Monday, 6 October 2014

Restaurant Review: Caffe Vivo, Newcastle upon Tyne, Quayside

There's some fine eating to be had around the Quayside these days, much of it bearing the imprimatur of Terry Laybourne. Cafe 21, Caffe Vivo and The Broad Chare are all within the lob of an olive pip's distance from each other. Must be handy if the ice machine breaks down, or you get shafted on a cheese delivery. The last man to hold a Michelin star in this fair city, these days Laybourne's places are more about good food at a reasonable price. The Broad Chare was just awarded a Bib Gourmand for doing that exact thing. On a rare weekday sans travail, we had a very enjoyable shuffle round the river (The Daniel Buren thing at Baltic is great, especially when the sun shines- you've got until 12th October before it packs up) before, after much indecision and the toss of a coin, we headed for Cafe Vivo.

Sharing a building, and indeed loos, with Live Theatre, Caffe Vivo is nicely done out in a straightforward kind of way. Large windows and mirrors set into the walls give a very airy feel. Those windows are adorned with all manner of rustic what-nots and dried meat. The semioticians in the crowd will not take long to suss out the manner of fare being offered; simply prepared Italian dishes - meat, fish, pasta and rice, but not a pizza in sight - are the order of the day. I have to say, just about everything on the set lunch menu (3 courses for £18.50) sounded flat-out great, and I like the fact you can have pastas as a starter or a main. You'll be relieved to hear we managed to choose in the end, otherwise this would be a pretty forlorn and rubbish review. Here's what we done and ate.

Nocellara olives; Cantabrian anchovies with Normandy butter

Nocellara olives are the new sun dried tomato, or black or whatever. They're everywhere. Fine, by me, I love them. These were dinky little things, but meaty and sweet as ever. Some cantabrian anchovies and Normandy butter were calories brilliantly well spent when generously applied to the dinky little crostini. I was gutted when the remaining half of the amazing butter was whisked back to the kitchen; I'd assumed that we'd be getting a house bread as it wasn't on the menu. No deal. Sigh. Is that pat of butter really meant to be applied to four tiny crostini, each then to be adorned with an anchovy? Decadence!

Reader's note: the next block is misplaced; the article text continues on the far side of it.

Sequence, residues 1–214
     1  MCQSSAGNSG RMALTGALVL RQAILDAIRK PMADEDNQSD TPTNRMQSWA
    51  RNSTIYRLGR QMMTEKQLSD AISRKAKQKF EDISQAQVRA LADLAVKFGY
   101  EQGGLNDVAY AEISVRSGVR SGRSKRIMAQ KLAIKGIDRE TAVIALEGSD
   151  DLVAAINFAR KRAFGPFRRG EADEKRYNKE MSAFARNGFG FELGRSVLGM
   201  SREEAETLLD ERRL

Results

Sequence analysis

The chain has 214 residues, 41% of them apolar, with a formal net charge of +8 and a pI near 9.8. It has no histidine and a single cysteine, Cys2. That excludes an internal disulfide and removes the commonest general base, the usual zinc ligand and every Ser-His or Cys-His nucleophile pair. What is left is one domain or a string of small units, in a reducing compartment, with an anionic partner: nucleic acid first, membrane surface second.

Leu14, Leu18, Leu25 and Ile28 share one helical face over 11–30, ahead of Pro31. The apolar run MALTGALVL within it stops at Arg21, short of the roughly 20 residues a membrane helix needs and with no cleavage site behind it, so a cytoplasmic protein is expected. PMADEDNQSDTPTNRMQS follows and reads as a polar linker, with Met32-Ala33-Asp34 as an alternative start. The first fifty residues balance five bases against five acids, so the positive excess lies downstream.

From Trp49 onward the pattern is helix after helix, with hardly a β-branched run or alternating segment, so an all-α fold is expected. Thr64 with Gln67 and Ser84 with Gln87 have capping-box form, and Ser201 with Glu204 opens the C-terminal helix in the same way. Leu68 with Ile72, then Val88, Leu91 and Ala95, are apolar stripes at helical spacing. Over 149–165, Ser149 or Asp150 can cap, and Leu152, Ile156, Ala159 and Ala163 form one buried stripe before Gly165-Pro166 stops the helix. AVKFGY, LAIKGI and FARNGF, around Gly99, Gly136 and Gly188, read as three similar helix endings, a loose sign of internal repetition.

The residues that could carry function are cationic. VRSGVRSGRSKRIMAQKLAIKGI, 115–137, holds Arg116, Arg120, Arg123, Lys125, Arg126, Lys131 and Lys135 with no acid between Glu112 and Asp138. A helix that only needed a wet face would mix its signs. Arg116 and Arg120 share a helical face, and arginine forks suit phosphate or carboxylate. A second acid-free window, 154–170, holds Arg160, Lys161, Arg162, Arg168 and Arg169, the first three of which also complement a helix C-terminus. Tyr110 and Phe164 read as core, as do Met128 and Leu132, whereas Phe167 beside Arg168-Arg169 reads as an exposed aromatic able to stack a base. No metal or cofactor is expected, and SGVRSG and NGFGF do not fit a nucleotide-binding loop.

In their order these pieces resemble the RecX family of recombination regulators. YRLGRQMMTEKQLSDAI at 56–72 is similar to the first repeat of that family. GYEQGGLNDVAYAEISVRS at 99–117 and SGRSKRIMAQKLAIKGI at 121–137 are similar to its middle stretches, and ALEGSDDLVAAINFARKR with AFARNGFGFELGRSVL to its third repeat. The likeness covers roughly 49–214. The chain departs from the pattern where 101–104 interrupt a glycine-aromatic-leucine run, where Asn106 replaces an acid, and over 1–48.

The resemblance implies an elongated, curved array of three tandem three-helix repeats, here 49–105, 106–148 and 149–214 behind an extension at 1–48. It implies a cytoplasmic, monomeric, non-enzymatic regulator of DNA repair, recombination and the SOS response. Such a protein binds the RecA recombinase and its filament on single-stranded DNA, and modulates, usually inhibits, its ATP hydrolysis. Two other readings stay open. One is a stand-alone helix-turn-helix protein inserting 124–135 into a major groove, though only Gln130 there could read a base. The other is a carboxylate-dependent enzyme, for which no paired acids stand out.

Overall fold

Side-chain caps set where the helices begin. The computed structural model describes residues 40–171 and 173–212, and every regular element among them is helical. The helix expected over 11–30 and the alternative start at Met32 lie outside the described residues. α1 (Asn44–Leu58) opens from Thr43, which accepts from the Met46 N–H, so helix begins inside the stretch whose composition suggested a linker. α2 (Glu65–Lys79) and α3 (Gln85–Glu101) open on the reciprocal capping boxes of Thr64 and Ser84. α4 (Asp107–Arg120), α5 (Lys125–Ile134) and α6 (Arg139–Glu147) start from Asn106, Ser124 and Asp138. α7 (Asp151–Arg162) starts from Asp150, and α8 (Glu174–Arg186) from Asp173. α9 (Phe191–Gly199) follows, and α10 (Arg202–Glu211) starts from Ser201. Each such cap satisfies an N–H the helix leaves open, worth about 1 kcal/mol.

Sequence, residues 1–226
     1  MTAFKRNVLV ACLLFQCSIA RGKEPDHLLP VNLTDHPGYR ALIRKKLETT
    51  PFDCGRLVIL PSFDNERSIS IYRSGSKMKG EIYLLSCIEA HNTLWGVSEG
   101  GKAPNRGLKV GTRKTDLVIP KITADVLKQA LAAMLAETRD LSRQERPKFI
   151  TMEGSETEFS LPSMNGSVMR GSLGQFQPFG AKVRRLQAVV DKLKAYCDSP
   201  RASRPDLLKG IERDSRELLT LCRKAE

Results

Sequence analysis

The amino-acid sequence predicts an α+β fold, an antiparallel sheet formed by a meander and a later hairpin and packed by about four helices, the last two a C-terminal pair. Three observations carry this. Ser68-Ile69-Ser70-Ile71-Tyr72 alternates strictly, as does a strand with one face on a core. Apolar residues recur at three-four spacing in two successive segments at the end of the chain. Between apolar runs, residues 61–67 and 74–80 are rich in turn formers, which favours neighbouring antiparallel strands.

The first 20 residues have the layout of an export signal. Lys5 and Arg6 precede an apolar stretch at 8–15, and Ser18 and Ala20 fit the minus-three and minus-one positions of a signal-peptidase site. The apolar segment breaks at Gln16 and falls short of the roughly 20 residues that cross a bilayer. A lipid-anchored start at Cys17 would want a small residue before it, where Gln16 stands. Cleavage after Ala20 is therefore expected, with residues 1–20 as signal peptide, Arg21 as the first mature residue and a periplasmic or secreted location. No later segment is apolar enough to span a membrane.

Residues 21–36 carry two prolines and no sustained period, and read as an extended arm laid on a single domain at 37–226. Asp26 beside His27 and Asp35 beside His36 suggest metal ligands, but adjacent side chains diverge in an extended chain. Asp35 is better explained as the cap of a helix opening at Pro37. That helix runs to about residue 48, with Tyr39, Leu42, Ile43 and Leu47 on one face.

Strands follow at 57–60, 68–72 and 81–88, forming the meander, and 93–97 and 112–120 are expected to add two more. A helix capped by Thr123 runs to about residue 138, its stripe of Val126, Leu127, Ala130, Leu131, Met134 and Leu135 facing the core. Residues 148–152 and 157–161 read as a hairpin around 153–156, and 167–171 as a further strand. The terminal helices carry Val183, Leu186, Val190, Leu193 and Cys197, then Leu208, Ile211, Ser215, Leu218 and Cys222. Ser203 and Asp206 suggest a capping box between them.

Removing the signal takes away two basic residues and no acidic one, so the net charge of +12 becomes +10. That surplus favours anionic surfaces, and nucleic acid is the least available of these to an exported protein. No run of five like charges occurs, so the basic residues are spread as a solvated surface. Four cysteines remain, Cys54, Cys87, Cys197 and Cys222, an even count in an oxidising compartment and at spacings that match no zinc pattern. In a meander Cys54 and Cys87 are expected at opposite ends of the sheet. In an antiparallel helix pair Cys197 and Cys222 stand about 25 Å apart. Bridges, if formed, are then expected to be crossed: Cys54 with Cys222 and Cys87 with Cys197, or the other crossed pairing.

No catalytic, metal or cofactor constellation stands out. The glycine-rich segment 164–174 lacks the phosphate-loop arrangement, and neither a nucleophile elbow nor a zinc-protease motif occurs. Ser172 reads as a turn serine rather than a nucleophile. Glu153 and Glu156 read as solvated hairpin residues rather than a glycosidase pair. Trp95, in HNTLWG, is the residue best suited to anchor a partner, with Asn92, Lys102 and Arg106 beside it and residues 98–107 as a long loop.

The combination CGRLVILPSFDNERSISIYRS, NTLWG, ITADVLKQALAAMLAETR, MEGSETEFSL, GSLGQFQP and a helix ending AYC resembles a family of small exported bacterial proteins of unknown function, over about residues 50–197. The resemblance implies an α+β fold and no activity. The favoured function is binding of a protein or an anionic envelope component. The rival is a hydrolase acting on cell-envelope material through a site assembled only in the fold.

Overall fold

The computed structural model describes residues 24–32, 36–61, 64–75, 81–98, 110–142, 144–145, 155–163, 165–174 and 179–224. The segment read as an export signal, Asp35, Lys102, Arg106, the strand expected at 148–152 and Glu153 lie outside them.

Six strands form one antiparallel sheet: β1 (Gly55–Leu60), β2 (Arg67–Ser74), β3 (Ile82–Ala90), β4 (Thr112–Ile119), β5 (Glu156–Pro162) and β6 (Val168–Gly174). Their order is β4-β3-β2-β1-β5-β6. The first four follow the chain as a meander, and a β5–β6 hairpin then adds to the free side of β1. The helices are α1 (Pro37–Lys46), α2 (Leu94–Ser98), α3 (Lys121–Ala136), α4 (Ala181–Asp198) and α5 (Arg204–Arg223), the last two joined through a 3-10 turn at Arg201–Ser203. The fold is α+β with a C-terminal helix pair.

Calves liver crostini, cavolo nero
My actual starter was based on a decent wodge of bread anyway. There was a mere smear of the delicious pate-like liver on the thing, outgunned by swathes of brassica. I had been hoping for a slice of seared liver, but perhaps that was optimistic for a set lunch. Sigh again. Some of the cavolo nero was hot, but some was cold. Reheating is fine, but do it to the whole thing. This was still a nice enough starter, but could've been amazing with just a tweak.

Scamorza Fritta
Never had Scamorza before; it's a cheese, which you can batter and fry. Who doesn't like fried cheese? Not us, that's for sure. It was clean and mild tasting, against which a bit more poke in the tomato sauce would have sealed the deal.

Grey mullet, new potatoes, cherry tomato stew
My main was a prime example of how enjoyable simple things can be when done well. Crisp of skin yet moist of flesh, the mullet had just enough flavour to stand up to the lightly stewed tomatoes in which an occasional olive or caper intruded to good effect. Spuds were mega-waxy and delicious. Hurrah!

Fusilli with prawns and zucchini
Kasia's main of prawn and courgette pasta was ok, but a bit one-note, The tomato sauce, pretty familiar from her starter, just wasn't up to the job of doing the necessary heavy lifting. Long-sweated onions, a splash of white and a vegetarian-alienating nub of n'duja would have given it more depth I reckon.

Mirabelle plum crumble, custard
Both puds went down a treat. I was still feeling a bit hungry after my main, so the generously proportioned crumble, featuring plums that had admirably retained their structural integrity, was just the ticket. There aren't many more comforting culinary sights than a vanilla-speckled custard; this one was nice, but with a slightly odd - cornflour thickened? - texture.

Valpolicella chocolate mousse, chantilly cream
I'm intrigued as to what kind of Valpolicella, and in what format - straight; reduced to a syrup? - went into the mousse. Whatever, it was lovely, the overall effect not being too far off chocolate orange.

I had a very nice glass of Piedmontese red, Kasia was on the pop and the whole shebang, including pre-added 10% service, came to just over £60. Service was a bit patchy but then we did have a somewhat dud table, hidden from the main thoroughfare; I had to get up to ask for the bill as staff seemed more concerned with planning the evening's service but worse fates have befallen other dwellers of this realm, I shouldn't wonder.

The word to sum up this lunch is "nice", with the occasional foray into "really nice". There seemed little danger of our socks being blown off at any stage, although with just a tweak there and a touch more care here, these could have been stonking plates of food. Perhaps not everyone wants their socks blown off anyway. If you don't, but you do want to be well fed in a nice room with an excellent choice at sensible prices, Caffe Vivo could well be the place for you.


Caffe Vivo, 29 Broad Chare, Newcastle upon Tyne, NE1 3DQ
0191 232 1331


1 comment:

  1. Just been having a much needed catch always your restaurant reviews make my mouth water!!

    Shame you need to down size but definitely a good idea if you're struggling a little as the allotment cab soon become a chore rather than a pleasure!!


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